The DC Court of Appeals in David Thomas v. U.S., on October 12, 2017, issued an opinion on a conviction pursuant to the DC Voyeurism Statute, which provides: D.C. Code 22-3531 (c)(1) in pertinent parts provides: (c)(1) Except as provided in subsection (e) of this section, it is unlawful for a person to electronically record, without the express and informed consent of the individual being recorded, an individual who is: (A) Using a bathroom or rest room; (B) Totally or partially undressed or changing clothes; or (C) Engaging in sexual activity. The Defendant in this case was convicted for taking nude photographs of his
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WASHINGTON DC DIVORCE v. LEGAL SEPARATION; CRITERIA FOR ANNULMENT

The filing requirements for divorce and the legal separation are significantly and materially different. The divorce filing requires proof that: Parties have mutually and voluntarily lived separate and apart without cohabitation for a period of six months before filing of the action or Parties to the marriage have lived separate and apart without cohabitation for a period of one year prior to filing of the action. The filing requirement for the legal separation is less rigorous and it requires only that: Parties to the marriage have mutually and voluntarily lived separate and apart without cohabitation; or Both parties to the
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REVERSAL DUE TO ERRONEOUS JUROR DISQUALIFICATION: DC CRIMINAL LAWYER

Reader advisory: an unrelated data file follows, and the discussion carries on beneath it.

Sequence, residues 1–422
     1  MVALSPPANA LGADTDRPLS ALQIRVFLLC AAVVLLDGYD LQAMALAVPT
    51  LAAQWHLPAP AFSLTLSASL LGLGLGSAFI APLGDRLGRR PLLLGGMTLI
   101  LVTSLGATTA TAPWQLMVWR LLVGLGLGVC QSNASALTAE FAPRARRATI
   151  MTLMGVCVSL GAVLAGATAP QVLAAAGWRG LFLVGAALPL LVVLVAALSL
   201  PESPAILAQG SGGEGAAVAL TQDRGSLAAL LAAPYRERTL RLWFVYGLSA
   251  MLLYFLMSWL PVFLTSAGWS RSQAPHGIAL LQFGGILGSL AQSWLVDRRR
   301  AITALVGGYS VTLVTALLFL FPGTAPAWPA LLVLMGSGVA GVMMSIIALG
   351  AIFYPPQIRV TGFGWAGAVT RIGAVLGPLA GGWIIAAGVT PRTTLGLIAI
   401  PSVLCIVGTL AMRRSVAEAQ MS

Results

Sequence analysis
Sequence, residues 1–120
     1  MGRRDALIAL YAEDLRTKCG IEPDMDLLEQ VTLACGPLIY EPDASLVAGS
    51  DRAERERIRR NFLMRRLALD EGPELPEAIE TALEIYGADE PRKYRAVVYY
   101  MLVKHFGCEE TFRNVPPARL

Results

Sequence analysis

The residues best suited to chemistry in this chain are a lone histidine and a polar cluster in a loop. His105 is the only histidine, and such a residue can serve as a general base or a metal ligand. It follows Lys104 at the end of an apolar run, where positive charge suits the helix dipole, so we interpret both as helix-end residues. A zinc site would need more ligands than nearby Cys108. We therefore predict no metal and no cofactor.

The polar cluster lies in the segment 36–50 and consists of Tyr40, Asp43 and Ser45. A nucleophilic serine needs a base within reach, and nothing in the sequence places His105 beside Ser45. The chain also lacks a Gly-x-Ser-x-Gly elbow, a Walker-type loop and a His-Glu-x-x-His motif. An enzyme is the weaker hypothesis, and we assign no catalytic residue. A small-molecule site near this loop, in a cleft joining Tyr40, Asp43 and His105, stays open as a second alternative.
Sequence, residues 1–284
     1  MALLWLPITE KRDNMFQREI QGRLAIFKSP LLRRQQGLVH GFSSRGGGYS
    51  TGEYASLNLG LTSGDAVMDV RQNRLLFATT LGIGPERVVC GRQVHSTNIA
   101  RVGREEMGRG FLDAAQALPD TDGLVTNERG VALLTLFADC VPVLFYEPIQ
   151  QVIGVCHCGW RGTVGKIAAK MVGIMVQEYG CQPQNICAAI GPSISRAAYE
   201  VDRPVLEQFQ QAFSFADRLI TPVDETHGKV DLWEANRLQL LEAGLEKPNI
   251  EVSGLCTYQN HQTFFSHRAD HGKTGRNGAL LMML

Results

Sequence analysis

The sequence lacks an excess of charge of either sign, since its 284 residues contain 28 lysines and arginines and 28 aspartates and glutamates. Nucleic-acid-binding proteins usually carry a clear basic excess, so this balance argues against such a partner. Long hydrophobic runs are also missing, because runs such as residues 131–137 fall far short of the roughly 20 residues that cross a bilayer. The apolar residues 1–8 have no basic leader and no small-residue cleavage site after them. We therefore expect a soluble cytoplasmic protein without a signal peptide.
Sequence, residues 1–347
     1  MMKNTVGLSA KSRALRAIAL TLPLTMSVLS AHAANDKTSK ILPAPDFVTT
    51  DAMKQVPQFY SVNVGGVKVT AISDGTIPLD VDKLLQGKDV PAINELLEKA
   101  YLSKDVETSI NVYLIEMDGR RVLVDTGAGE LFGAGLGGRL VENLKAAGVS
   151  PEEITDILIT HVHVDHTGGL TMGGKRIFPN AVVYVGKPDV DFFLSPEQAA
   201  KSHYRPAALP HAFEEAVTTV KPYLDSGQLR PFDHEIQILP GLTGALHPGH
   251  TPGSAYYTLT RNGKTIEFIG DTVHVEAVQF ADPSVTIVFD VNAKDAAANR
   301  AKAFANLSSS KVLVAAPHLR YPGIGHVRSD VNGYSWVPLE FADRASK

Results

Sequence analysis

The DC Court of Appeals in Mason v. U.S., decided on September 28, 2017, drastically reversed a set of convictions based on trial error in disqualifying a potential juror. Appellant Mason challenged his convictions for tampering with evidence, destruction of property, obstruction of justice, and unlawful entry contending that the trial court committed a reversible error in disqualifying a potential juror. Juror 7575-B was at the center of this ruling and analysis. During the jury voir dire, juror 7575-B was asked if black men in DC are treated fairly or unfairly by the criminal justice system, and she had responded
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CRIMINAL INTENT REQUIRED FOR THREATS CONVICTION; RECENT DC COURT OF APPEALS DECISION

The DC Court of Appeals in Lee Carroll v. U.S., decided on August 3rd, 2017; redefined the legal requisite for criminal conviction under the Threats’ Statute. Factually, the defendant was convicted for assaulting his girlfriend while also verbally threatening her physical harm. The DC misdemeanor as well as the Felony threats statutes do not enlist legal elements nor require facially mens rea or criminal intent. The misdemeanor threats statute (D.C. Code § 22-407) provides: Whoever is convicted in the District of threats to do bodily harm shall be fined not more than the amount set forth in § 22-3571.01 or